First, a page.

Floridians Want Their Primary Back

Despite the early NRSC endorsement of Charlie Crist for the Florida Senate race, many in Florida are not yet ready to concede the race.

The Tallahassee Democrat has an editorial today criticizing the early Crist endorsement, saying that "the more candidates in a race -- and the more level the playing field -- the better."

Exactly our point. They go on:

"A large field ignites the strong debates necessary for a healthy democracy to thrive, especially with the serious problems the country is facing. Strong-arm tactics to freeze out candidates are a disservice to voters and the cause of good government, and increase public cynicism. Ironically, the national GOP's decision to back Crist could cause blow-back.

"Many Republicans dislike Crist's moderate policies and may flock to Rubio, who is billing himself as the true conservative. That could make for the tough primary that Republican leaders in Washington want to avoid, but give GOP voters what they should have:

"A wide-open contest with the best candidate winning."

The Fort Myers News-Press also weighs in today with this:

"This rush to coronate candidates -- and dissuade prospective contenders from entering primary battles -- is a disservice to voters and the election process. The election is 18 months away. Voters can't be certain yet that Crist would be a better senator than Marco Rubio, who didn't get the GOP's stamp of approval but is running for the seat nontheless.... When political parties throw their muscle behind handpicked favorites, simpy to avoid the trouble and expense of bruising primaries, that limits the public's opportunity to hear strong debates among multiple candidates."

Florida bloggers are picking up the Rubio cause as well as protesting the fact that the NRSC is trying to shut them out of the process. In April, a law student, Tommy Jardon, started the blog Run Marco Run. He says, "I want a conservative who puts the needs of Florida families first, and understands that tax and spend policies will only make us worse off then we are today. Knowing all that has left me one choice in the Florida race for U.S. Senate: House Speaker Marco Rubio."

Jardon has been posting on the progress of Rubio's announcement and the involvement of the NRSC in the race.

The point is that voters want the chance to VOTE and to feel like their vote means something. With the NRSC early endorsement and the early polls indicating Crist's lead, voters may not feel engaged in the process or that they should even attempt to be. The danger of the NRSC endorsement is that it removes the Florida voters from their own primary. Once the primary has concluded, then endorsements should be open. Let Floridians pick their own candidate.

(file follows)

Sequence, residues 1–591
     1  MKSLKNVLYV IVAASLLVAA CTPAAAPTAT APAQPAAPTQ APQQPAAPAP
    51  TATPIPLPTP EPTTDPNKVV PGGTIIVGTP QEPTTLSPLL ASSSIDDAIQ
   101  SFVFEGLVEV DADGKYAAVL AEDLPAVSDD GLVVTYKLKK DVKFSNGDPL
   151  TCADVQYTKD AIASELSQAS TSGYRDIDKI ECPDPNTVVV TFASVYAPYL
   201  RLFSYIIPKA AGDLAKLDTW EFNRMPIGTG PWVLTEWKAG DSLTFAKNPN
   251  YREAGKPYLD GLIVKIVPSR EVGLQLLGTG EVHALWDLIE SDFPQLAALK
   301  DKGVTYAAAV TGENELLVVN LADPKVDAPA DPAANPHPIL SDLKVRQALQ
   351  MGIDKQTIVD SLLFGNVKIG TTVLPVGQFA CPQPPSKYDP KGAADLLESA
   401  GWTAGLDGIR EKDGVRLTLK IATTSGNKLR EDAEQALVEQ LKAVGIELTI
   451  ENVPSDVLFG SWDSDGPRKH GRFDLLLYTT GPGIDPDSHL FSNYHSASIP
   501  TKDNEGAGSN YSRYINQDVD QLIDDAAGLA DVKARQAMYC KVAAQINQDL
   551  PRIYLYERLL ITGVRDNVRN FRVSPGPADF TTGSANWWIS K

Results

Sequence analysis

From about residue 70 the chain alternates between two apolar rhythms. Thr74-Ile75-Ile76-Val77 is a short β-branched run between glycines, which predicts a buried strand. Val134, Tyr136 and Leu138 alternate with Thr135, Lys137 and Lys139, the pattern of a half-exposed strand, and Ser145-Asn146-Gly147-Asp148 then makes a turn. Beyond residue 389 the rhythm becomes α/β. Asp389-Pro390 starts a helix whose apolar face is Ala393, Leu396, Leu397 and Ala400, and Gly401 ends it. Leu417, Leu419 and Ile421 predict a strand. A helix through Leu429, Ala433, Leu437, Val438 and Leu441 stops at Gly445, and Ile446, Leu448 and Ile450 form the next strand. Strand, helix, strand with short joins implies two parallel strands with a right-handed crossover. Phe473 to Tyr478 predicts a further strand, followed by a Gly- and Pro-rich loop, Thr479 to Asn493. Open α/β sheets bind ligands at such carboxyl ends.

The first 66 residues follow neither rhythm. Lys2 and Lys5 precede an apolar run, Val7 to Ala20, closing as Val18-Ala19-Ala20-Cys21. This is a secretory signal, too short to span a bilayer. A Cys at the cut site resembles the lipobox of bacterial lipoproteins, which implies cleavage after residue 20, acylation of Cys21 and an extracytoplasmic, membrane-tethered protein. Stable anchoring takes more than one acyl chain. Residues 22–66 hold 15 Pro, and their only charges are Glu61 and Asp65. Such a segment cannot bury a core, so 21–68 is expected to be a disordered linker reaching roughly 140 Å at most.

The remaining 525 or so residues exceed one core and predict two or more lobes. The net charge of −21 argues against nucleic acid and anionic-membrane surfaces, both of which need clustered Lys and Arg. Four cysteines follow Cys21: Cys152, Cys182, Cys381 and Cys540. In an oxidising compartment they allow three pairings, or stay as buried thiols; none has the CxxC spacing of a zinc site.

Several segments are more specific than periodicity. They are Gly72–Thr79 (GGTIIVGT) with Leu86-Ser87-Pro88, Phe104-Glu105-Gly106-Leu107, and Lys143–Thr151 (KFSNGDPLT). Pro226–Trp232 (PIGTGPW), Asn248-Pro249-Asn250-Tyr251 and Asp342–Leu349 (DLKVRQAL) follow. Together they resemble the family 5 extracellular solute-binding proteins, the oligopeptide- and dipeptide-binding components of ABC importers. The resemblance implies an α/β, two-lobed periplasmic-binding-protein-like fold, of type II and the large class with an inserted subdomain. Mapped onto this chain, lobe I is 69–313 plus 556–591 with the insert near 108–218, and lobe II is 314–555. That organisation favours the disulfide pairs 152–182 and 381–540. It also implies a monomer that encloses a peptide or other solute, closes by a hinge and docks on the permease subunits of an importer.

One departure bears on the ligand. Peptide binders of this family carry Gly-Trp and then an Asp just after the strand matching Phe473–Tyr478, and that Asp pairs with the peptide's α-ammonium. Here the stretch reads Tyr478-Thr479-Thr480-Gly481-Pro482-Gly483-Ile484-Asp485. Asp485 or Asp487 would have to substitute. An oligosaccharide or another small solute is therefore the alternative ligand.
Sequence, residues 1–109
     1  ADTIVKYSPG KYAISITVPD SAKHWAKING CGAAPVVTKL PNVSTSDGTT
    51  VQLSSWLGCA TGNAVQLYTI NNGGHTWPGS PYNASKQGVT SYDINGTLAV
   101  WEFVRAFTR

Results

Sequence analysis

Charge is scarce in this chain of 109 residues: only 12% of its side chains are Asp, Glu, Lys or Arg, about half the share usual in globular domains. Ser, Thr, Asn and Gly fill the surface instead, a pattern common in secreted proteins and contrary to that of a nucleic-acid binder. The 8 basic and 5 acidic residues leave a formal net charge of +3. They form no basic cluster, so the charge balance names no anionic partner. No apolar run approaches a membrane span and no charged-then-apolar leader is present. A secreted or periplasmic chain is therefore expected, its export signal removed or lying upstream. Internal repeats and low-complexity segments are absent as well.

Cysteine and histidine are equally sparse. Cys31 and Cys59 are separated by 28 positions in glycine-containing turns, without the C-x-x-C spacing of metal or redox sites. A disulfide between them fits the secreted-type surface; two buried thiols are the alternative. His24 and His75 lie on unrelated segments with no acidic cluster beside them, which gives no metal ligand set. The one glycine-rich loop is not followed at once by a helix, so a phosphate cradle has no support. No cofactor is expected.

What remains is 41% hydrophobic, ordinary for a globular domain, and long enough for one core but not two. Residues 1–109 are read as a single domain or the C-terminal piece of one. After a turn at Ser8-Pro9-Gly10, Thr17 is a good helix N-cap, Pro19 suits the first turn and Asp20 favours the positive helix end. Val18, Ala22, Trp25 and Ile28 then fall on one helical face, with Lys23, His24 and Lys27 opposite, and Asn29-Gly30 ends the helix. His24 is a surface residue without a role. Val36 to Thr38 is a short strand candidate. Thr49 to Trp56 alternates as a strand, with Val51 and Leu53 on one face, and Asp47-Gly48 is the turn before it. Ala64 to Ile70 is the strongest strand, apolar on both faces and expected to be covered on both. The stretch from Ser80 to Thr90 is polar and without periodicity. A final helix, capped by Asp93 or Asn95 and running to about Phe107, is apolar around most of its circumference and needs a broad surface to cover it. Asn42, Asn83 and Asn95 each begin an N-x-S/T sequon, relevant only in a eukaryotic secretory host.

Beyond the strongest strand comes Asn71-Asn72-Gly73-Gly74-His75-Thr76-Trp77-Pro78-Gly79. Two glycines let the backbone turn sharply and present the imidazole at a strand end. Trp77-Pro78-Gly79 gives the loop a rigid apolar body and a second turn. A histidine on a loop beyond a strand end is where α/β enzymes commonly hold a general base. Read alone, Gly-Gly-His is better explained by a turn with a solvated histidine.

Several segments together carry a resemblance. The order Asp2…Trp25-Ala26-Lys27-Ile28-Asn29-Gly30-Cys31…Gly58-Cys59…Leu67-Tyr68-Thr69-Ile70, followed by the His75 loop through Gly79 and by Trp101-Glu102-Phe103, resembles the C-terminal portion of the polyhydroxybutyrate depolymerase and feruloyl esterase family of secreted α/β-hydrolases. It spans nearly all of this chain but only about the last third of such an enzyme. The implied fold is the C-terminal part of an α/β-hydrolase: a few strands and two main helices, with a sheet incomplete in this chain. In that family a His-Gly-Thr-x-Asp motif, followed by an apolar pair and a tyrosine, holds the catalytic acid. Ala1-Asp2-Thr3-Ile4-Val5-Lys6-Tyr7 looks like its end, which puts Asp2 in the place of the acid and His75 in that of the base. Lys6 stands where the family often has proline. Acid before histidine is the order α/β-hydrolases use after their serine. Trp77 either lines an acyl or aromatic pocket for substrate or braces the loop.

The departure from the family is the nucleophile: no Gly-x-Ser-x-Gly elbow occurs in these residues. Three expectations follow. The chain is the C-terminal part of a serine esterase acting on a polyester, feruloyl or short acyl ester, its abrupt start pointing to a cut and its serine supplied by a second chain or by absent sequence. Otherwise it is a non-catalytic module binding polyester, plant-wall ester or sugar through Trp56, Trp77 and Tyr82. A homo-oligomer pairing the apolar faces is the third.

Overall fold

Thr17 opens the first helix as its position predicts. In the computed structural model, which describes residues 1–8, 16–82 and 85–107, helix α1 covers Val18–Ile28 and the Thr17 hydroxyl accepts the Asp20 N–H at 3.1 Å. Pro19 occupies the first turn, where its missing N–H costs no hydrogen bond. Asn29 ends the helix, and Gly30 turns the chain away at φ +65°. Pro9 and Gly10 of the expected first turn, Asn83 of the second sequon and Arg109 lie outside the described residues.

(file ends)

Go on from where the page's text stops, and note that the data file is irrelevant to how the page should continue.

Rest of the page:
As the campaign plays out the polls will change drastically as Rubio's name recognition grows, and we'll hear a great deal more from both Crist and Rubio, which is as it should be. And hopefully, less from Cornyn.

Is Texas Ready to Fight
'For the Soul of the GOP'?

That's the question I'm asking over at Hot Air Green Room.

There is lots more Not One Red Cent news today:

Friday, May 22, 2009

Great news! NRSC says we can express our opinions!

How very big of NRSC spokesman Brian Walsh! I mean this is quite an honor! Being told by the all-knowing NRSC that we can share our views?

“They’re certainly entitled to express their opinions on this Senate seat and participate in the democratic process just like anyone else,” said NRSC spokesman Brian Walsh. “But that also includes Sen. Cornyn and the other Senate Republican leaders who have expressed their support for Gov. Crist. They’ve endorsed the governor because he’s not only a proven leader but he’s also the candidate to ensure that this seat stays Republican in a very competitive election cycle. So while it’s healthy to have a debate, at the end of the day it’s even more important for all Republicans to keep their eye on the ultimate goal, which is regaining the majority in the Senate.”

Well, let me think on this a moment. It sounds a lot like the NRSC is still telling the grassroots Conservatives to "shut the Hell up" to me. And again, they are throwing out the oft-used "if you speak out, Republicans will lose" card. Really? Well, how has that strategy worked in 2006 and 2008? How DID Moderate McCain do in November?

Yep, he lost big, and those vaunted Republican majorities the NRSC wants to reclaim? How did they get lost to begin with? Hmmm, the GOP strayed from the Conservative principles that got us a majority in 1994, and now the Democrats have large advantages in the Senate and the House. The White House? Yep! That has a Democrat in too! Man, this does not give me much faith in entrusting the selection of our candidates to the GOP leadership.

And the NRSC ought to know that their "Crist can win, Rubio cannot" mantra rings hollow. Recall that almost no one doubted that Hillary was a shoe-in a year before Iowa? And Rudy Giuliani was a definite for the GOP too wasn't he? Study your recent history there GOP.

The NRSC has tried to relegate Marco Rubio to the candidate of "some day in the future". Sort of like many said of a guy named Barack Obama. How long did that logic last when votes started actually being counted? Not very long as I recall.

As I have said before, if Rubio does not get the votes to get the party nod, then OK, the people will have had their say. Then then NRSC would be right to do their best to get Crist elected. But, they have sought to skip the part where WE the PEOPLE decide who is the best candidate!

Could Change For The GOP Look Like This?

Watch this riveting video featuring Liz Cheney shutting down CNN’s Anderson Cooper. This woman is squared away, seriously. Cooper became frustrated early on in the interview and tried to overcome her abundant knowledge on the subject of the torture memos which has become a hot button topic.